Similar to the Sacramento refuges above, and about a 120 mile drive from the Bay Area. One thing that you will see here is a Tule Elk reserve - these animals used to roam all over CA but are now restricted to a few federally protected reserves (see also Point Reyes). Good auto tour route to drive through the reserve on gravel roads which is fun for the kids.
bulletPoint Reyes National Seashore (N of SF)
A huge area with lots to see and do. Plenty of walking and some good visitor centers. Our favourite spots are the Earthquake Walk (view of the epicenter of the 1906 quake), the Tule Elk reserve and the trip all the way out to the Lighthouse. You couldn't do all of that in one day, so pick and choose. Start at the main visitors center at Point Reyes station so that you will know what is and isn't viewable on any given day - and certainly check if you want to visit the lighthouse because it isn't open every day.
bulletMarin Headlands - fabulous views of the Golden Gate
Most people travel over the Golden Gate once, and then park at the Vista Point on the North End of the bridge. For much better views, head up into the Marin Headlands and get some fantastic views of the bridge with the city in the background. Sunsets are particularly good as you are on the west (Pacific Ocean) side of the bridge. Drive up the road for a variety of different stops and views all the way to the top at Hawk Hill (worth getting out and walking up to the old gun battery on top for views in all directions). But don't stop there...keep driving out onto the headlands on a great single lane road (Conzelman Road) all the way out to the Lighthouse and Rodeo Lagoon (and you can also visit the marine mammal wildlife rescue center) and then head back to the bridge through the old (single track) army tunnel along the aptly named Bunker Road. If you don't want to go back to the city, turn left after the tunnel and head down into Sausalito. Either way, it is a wonderful place to visit but, as said before, remember your sweater (this is the Pacific Coast!) and your camera.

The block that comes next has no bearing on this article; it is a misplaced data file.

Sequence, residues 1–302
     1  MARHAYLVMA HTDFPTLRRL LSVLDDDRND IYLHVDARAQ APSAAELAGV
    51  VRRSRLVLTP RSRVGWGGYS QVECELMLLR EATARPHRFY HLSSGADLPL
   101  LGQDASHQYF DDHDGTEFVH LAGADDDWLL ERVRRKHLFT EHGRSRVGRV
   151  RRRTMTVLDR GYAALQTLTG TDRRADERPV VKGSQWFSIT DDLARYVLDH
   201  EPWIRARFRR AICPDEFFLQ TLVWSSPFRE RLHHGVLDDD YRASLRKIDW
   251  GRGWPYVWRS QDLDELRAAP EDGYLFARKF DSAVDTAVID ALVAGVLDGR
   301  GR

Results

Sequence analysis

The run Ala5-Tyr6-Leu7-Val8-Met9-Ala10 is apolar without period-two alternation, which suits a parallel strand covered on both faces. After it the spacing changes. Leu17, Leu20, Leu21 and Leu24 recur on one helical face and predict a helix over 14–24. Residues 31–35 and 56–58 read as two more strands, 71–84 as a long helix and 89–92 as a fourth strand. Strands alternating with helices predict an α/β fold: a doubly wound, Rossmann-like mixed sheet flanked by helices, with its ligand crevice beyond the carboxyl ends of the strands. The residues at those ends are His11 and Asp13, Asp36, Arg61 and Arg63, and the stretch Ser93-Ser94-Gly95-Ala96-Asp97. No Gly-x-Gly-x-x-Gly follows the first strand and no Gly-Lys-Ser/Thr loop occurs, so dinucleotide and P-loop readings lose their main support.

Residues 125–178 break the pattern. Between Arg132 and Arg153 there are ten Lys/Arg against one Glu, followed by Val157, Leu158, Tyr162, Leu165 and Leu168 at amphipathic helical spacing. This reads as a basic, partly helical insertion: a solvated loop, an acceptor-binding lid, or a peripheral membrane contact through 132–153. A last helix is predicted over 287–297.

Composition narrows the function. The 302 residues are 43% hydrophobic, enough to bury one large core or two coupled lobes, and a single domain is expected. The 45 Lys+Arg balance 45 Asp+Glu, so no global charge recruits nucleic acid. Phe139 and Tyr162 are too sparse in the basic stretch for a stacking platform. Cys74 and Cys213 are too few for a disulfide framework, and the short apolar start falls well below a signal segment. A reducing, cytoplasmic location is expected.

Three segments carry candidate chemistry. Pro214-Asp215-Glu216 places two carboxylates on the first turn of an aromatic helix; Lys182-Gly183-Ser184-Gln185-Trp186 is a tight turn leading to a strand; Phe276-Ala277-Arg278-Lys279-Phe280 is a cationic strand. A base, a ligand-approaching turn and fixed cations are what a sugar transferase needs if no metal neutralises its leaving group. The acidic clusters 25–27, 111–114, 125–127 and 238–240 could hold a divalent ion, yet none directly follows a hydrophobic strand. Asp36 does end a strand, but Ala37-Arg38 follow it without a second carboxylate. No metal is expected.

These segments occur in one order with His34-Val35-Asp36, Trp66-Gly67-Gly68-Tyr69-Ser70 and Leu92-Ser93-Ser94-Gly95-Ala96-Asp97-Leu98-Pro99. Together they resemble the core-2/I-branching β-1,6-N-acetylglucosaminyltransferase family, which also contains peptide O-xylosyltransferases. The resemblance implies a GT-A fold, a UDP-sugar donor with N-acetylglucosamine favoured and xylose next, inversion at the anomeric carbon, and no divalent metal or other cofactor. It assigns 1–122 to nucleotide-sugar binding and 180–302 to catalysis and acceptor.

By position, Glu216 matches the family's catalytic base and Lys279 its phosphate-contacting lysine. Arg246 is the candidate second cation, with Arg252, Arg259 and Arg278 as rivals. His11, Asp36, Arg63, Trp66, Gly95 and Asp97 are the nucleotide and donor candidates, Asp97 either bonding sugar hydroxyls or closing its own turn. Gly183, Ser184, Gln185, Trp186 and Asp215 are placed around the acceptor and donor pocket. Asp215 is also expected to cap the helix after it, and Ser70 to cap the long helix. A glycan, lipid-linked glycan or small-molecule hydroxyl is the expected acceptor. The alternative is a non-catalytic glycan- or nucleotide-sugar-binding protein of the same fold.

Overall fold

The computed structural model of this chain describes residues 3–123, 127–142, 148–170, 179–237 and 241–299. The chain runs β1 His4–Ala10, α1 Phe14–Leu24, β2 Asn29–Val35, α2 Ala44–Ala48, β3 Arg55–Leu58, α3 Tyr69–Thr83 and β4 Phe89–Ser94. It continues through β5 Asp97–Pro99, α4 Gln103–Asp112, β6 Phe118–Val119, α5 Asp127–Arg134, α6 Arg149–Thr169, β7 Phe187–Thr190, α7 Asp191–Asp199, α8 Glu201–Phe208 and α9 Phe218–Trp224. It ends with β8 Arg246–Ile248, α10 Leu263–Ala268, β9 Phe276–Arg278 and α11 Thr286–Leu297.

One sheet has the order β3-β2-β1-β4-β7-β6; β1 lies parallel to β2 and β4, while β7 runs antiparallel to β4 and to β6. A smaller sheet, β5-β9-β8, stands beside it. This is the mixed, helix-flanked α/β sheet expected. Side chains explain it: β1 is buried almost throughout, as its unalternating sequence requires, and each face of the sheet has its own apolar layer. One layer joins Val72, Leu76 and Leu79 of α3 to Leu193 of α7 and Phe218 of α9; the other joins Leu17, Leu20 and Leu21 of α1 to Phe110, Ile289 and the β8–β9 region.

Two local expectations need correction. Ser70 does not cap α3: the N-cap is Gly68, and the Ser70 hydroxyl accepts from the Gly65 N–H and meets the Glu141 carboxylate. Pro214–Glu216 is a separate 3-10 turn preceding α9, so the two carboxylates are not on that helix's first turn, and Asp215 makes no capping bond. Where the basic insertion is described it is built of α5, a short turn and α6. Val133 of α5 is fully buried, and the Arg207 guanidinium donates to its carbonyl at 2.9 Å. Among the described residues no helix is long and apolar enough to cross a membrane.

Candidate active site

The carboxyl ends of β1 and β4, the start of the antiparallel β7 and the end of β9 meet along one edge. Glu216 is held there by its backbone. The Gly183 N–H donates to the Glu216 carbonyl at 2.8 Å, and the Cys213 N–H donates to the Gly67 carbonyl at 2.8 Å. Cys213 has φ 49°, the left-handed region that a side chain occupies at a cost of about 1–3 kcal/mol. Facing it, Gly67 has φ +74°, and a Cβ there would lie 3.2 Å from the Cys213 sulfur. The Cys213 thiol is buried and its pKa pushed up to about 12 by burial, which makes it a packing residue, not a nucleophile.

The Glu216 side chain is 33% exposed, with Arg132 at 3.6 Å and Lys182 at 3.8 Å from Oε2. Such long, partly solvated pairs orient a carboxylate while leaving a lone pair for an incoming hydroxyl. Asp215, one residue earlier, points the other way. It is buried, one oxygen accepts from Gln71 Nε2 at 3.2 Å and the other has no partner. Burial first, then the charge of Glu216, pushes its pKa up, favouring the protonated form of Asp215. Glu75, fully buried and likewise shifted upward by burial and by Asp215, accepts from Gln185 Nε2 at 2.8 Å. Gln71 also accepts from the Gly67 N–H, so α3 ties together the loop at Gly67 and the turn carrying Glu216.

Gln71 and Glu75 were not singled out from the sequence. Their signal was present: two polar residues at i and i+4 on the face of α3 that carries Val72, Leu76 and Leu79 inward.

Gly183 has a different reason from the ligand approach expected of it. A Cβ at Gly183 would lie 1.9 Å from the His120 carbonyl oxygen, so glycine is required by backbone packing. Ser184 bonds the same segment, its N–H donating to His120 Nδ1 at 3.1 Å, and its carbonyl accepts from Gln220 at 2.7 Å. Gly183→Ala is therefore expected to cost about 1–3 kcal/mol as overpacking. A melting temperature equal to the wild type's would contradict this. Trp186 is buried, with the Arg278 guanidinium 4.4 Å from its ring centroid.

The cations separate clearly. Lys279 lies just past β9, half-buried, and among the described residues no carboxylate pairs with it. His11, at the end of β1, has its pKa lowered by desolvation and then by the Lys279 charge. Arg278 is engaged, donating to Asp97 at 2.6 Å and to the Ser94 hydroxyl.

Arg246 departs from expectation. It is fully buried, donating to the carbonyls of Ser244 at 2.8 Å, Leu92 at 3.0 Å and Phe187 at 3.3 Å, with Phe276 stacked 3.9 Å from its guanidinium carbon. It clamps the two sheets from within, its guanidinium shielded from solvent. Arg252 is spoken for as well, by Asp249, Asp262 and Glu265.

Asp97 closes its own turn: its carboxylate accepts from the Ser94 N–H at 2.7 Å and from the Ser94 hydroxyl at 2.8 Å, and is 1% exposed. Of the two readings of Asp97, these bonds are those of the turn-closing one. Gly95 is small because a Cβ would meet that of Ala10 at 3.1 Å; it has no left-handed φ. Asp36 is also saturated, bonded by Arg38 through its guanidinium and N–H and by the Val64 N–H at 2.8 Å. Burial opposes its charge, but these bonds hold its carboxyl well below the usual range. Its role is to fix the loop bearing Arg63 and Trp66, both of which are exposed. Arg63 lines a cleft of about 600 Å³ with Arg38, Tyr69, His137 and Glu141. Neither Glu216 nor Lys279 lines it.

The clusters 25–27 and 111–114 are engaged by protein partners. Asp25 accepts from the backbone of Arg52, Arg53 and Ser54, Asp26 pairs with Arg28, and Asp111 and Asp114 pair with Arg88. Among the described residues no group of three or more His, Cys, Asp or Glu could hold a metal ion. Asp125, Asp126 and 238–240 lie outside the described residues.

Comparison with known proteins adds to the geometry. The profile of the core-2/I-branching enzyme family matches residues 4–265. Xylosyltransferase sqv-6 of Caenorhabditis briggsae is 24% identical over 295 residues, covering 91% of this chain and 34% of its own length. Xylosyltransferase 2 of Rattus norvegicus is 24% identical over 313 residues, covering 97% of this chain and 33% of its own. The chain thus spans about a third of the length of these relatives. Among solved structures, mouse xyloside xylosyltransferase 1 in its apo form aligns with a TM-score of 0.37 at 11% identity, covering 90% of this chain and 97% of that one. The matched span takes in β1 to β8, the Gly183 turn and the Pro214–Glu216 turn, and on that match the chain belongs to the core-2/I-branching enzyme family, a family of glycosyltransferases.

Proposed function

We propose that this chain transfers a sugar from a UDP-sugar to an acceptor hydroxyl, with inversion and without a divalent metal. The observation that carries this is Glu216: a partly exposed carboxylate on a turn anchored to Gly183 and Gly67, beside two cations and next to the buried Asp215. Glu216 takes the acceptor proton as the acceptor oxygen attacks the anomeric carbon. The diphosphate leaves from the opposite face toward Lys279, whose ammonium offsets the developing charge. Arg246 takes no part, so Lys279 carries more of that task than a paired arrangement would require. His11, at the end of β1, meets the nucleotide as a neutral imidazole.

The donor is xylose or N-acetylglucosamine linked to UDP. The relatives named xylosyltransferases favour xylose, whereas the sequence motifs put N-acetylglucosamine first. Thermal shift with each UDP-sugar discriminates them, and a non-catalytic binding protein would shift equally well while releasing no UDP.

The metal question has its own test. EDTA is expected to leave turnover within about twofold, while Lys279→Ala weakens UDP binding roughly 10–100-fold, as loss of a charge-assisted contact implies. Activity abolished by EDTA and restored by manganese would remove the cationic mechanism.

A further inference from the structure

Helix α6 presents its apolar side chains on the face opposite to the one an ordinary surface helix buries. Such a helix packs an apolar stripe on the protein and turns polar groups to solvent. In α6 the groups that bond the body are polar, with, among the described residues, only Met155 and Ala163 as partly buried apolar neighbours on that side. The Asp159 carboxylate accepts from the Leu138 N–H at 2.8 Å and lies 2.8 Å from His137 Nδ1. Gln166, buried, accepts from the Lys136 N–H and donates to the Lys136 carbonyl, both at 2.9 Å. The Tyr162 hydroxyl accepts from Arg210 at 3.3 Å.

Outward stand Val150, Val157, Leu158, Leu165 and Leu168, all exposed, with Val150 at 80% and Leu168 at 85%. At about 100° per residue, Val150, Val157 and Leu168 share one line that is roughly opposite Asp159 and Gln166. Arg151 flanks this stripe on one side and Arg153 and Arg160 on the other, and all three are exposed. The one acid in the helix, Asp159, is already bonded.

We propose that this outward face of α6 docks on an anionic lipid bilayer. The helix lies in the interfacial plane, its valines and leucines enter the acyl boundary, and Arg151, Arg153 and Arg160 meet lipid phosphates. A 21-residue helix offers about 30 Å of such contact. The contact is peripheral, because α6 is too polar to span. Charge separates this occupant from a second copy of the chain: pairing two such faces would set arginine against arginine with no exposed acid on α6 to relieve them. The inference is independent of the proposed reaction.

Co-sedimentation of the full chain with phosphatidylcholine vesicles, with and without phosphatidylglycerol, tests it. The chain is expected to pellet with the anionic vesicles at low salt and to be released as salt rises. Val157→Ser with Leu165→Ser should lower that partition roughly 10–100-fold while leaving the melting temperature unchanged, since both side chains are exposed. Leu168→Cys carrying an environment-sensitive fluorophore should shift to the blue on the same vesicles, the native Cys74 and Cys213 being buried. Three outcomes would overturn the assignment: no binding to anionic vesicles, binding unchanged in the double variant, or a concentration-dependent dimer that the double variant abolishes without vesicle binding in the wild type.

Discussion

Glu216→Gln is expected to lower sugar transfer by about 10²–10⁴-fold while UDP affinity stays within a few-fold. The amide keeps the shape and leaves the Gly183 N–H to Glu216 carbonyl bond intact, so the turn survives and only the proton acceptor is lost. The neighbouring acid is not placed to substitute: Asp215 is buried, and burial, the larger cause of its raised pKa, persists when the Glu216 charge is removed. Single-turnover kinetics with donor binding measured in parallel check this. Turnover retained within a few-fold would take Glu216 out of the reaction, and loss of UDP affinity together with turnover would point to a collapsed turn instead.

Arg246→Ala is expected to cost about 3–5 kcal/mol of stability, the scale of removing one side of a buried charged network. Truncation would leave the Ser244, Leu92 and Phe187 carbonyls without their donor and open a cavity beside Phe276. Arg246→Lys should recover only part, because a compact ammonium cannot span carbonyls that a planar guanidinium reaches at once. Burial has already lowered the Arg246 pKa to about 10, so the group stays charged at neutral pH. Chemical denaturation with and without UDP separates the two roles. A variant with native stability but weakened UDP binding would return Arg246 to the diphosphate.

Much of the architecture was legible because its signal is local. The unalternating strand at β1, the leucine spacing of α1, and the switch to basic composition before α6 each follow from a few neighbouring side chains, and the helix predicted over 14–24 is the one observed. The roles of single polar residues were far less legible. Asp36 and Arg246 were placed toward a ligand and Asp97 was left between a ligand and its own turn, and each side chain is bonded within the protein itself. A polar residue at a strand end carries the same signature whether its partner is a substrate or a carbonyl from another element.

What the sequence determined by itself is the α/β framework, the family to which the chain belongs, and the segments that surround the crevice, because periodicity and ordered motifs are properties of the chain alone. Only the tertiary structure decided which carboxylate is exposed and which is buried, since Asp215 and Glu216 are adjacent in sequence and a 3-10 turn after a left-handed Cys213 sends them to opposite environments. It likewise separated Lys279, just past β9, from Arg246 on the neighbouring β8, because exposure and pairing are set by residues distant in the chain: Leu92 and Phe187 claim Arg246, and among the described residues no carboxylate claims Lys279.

bulletThe East Bay parks and the East Bay park district covers some great walks. I would certainly recommend Pleasanton Ridge, Las Trampas Wilderness, Ohlone Wilderness, Sunol Regional Wilderness, Black Diamond Mines Preserve, Morgan Territory and Martinez Regional Shoreline. I For details, visit East Bay Parks website.

For Children

bulletSan Jose Childrens Museum
Lots of fun for the children - they will make new friends and have a really good time. Worthwhile entertainment and good for a rainy day! Check the website for current events and special activities.
bulletOakland Zoo
Quite a good zoo - family friendly (but we can't really recommend the food!). Lots of animals and the cages are big enough and the facilities good enough that you don't feel guilty!
bulletArdenwood Farm
Part of the East Bay parks district - in fact, you can use the link to go and see other similarly run facilities in the East Bay. Very enjoyable.

Further Afield

These sites describe places further afield - some of them can be done in day trips, but probably better taking a couple of days or a long weekend.

bulletYosemite National Park (approximately 200 miles South East). See my photo albums for some shots in and around Yosemite at various times of the year. The valley is superb, but try to visit midweek and out of season. You really don't want to miss Tioga Pass (open usually from about Memorial Day until Labor Day) or Glacier Point but you can't possibly visit all three in one day.
bulletMt Lassen National Park (approximately 250 miles North East). The most recently erupted volcano in California (1915) and plenty of active volcanic signs. Great fun for camping, but brutally cold in Winter.
bulletCarizzo Plain National Monument (approximately 250 miles South). Another interesting website about Carrizo is from the USGS (US Geological Survey) since this is one of the best places to look at the San Andreas fault. Other features include the largest salt lake in California, and wild pronghorn antelope roaming the park.
bulletLake Tahoe (approximately 190 miles North East). All sorts of places to see, but no real central website. Rather too commercial for some...
bulletKings Canyon/Sequoia National Park (approximately 220 miles South East). Quieter than Yosemite, but still pretty crowded in summer. Parts of the park (particularly Kings Canyon) closed in winter. The sequoias are as spectacular as you would imagine.
bulletKlamath Falls Wildlife Refuges, consisting of Upper Klamath Wildlife Refuge, Lower Klamath Wildlife Refuge and Tule Lake Wildlife Refuge. This definitely isn't a day trip - we choose to stay in Klamath Falls for 3 nights. Best visited in winter (November-March) for the selection of wildlife and the largest collection of Bald Eagles in the lower 48. Fabulous for bird watching and ornithology. Nearby places of interest include Lava Beds National Monument and Crater Lake (Oregon). Well worth a visit...

 

 

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Last modified: July 05, 2007